RAHN: The end of the progressive income tax

The new IRS rules for global income reporting could break the system

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July 1 might go down in history as the beginning of the end of the comprehensive, progressive income tax. A progressive income tax, in which the government attempts to tax all labor income and capital income, such as interest, dividends and capital gains more than once, cannot help becoming so complex that it eventually dies of its own weight. This is particularly true when the government attempts to tax the worldwide income of its “tax persons” rather than the income located in its own territory. The complexity is caused by the never-ending attempt to define what income is and what should be exempt (loopholes).

Press reports now state that the U.S. tax code is more than 77,000 pages and growing at a rapid rate. Obviously, no one individual or even teams of lawyers and accountants can fully understand all of this, including people at the Internal Revenue Service (IRS). When laws are too complex and increasingly subjective in their interpretation, it inevitably leads to corruption. All but the willfully blind now understand that the IRS has both become corrupt and incompetent.

On July 1, the IRS extended its reach to perhaps 100,000 foreign financial institutions and millions of other non-Americans who receive or make payments to Americans. This global power grab was the logical extension of the effort to tax the worldwide income of all Americans, which requires the IRS to know about all payments to and from the United States and which financial institutions are involved in the transmittal and holding of accounts. The paperwork is unending and incomprehensible. (If you think I am overstating the case, download the new “W-8BREN-E” tax form from IRS.gov, which certain foreign recipients of U.S. payments are required to complete. Even tax lawyers tell me that it is nearly impossible to fill out the form without perjuring oneself, owing to the form’s endless ambiguity and lack of clarity.) This requirement is freezing many international bank payments, which will reduce foreign investment in the United States and add to systemic risk of the global financial system.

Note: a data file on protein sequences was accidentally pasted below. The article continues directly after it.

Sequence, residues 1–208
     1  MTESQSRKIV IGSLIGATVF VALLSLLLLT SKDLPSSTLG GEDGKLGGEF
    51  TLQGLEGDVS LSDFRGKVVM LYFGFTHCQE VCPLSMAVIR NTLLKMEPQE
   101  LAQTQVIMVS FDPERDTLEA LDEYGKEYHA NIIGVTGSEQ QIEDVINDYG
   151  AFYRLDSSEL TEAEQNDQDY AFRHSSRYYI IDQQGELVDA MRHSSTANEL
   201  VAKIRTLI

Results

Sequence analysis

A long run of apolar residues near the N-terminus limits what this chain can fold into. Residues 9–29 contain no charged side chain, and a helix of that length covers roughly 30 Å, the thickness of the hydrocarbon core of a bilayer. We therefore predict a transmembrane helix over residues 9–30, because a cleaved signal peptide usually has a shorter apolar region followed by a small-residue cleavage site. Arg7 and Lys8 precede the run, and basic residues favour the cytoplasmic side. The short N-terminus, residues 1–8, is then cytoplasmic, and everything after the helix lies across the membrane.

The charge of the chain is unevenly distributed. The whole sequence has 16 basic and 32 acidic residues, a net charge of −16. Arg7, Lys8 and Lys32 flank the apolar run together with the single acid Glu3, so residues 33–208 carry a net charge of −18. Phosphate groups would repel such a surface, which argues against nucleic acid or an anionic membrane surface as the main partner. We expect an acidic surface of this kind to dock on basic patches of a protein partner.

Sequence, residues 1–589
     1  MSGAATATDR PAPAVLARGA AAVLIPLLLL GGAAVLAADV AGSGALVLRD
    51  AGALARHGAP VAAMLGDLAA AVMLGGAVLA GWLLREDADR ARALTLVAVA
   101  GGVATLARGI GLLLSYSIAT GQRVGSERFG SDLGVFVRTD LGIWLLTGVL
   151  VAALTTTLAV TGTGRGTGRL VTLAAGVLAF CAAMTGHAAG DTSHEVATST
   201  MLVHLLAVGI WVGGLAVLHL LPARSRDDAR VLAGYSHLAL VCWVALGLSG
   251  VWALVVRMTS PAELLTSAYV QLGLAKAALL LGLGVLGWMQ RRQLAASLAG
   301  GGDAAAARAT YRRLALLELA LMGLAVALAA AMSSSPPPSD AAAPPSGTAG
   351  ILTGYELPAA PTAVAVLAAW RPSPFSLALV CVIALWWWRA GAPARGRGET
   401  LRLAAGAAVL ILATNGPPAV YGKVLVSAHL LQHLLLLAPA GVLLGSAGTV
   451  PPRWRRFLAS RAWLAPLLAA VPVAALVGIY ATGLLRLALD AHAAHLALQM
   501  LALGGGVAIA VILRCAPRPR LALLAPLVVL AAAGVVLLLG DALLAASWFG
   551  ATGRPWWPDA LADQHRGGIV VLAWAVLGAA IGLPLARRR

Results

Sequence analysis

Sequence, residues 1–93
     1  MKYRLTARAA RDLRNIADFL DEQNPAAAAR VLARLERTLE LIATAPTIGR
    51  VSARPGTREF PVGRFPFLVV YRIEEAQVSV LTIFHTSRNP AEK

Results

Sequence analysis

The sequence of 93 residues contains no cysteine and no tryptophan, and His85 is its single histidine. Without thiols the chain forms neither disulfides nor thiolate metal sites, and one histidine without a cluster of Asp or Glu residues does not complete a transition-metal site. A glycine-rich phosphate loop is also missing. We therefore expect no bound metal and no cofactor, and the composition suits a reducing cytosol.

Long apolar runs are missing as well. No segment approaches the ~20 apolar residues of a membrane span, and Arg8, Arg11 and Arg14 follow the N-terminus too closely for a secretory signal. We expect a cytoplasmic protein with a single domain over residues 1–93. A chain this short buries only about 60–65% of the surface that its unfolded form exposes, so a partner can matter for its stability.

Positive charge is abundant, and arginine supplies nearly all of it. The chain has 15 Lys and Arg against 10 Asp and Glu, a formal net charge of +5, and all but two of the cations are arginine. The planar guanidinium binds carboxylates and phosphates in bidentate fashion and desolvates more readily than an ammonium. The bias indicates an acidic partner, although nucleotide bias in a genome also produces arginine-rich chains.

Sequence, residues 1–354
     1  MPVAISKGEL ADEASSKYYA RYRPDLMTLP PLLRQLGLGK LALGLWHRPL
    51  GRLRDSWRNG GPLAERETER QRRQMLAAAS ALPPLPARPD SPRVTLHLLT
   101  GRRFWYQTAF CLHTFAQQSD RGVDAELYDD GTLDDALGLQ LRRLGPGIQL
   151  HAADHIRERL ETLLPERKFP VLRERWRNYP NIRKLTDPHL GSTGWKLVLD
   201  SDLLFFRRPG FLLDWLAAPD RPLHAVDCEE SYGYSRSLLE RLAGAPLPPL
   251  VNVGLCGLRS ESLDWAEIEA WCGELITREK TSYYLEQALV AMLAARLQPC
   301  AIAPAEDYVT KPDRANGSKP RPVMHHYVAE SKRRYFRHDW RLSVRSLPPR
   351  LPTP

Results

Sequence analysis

The economy and tax revenues are being dragged under by the uncertainty engendered by the tax code and the IRS, which is accelerating with the new global requirements. At some point, the American people will demand that Congress not just tinker with tax and IRS reform, but throw the whole stinking mess out. Fortunately, there is an alternative — the simple, low-rate flat tax, which can fit on a postcard. It would tax all salary and wage income at one simple rate, after a generous basic exemption so as to not burden low-income people. It would not double-tax capital gains, interest and dividends, or income earned outside the United States (a territorial tax system followed by almost all other countries).

There would be no need for the vast number of people who work at the IRS and are now able to play favorites and intrude into people’s personal lives, particularly regarding how they choose to spend, save and invest their money. All of that would go away.

There are some who will argue that a flat tax with a rate no higher than 20 percent will benefit the rich. The fact is, over the long term, income-tax rates above 20 percent do not bring in additional tax revenue to government, as Scottish-British economic Nobel Laureate James Mirrlees proved several decades ago. People will go to great lengths to avoid paying taxes. In the short run (months and even a few years), people can be forced by governments to pay high tax rates before they have a chance to figure out how to avoid the tax — even by not working. Very prosperous places such as Switzerland, Hong Kong and Singapore have low tax rates and also provide a very high level of government service. The United States could easily do the same by going to a flat tax of no more than 20 percent, while at the same time getting rid of the many useless and counterproductive spending and regulatory programs.

The next financial crisis will hit because of ever-increasing debt, the crumbling and destructive progressive tax system and the corrupt IRS. At that point, the political class can either continue to grasp at power by imposing capital, price and wage controls, and more taxes, including wealth taxes. Or it could choose to free the people and reignite economic growth by radically downsizing government and moving to a simple, low-rate flat tax.

Richard W. Rahn is a senior fellow at the Cato Institute and chairman of the Institute for Global Economic Growth.

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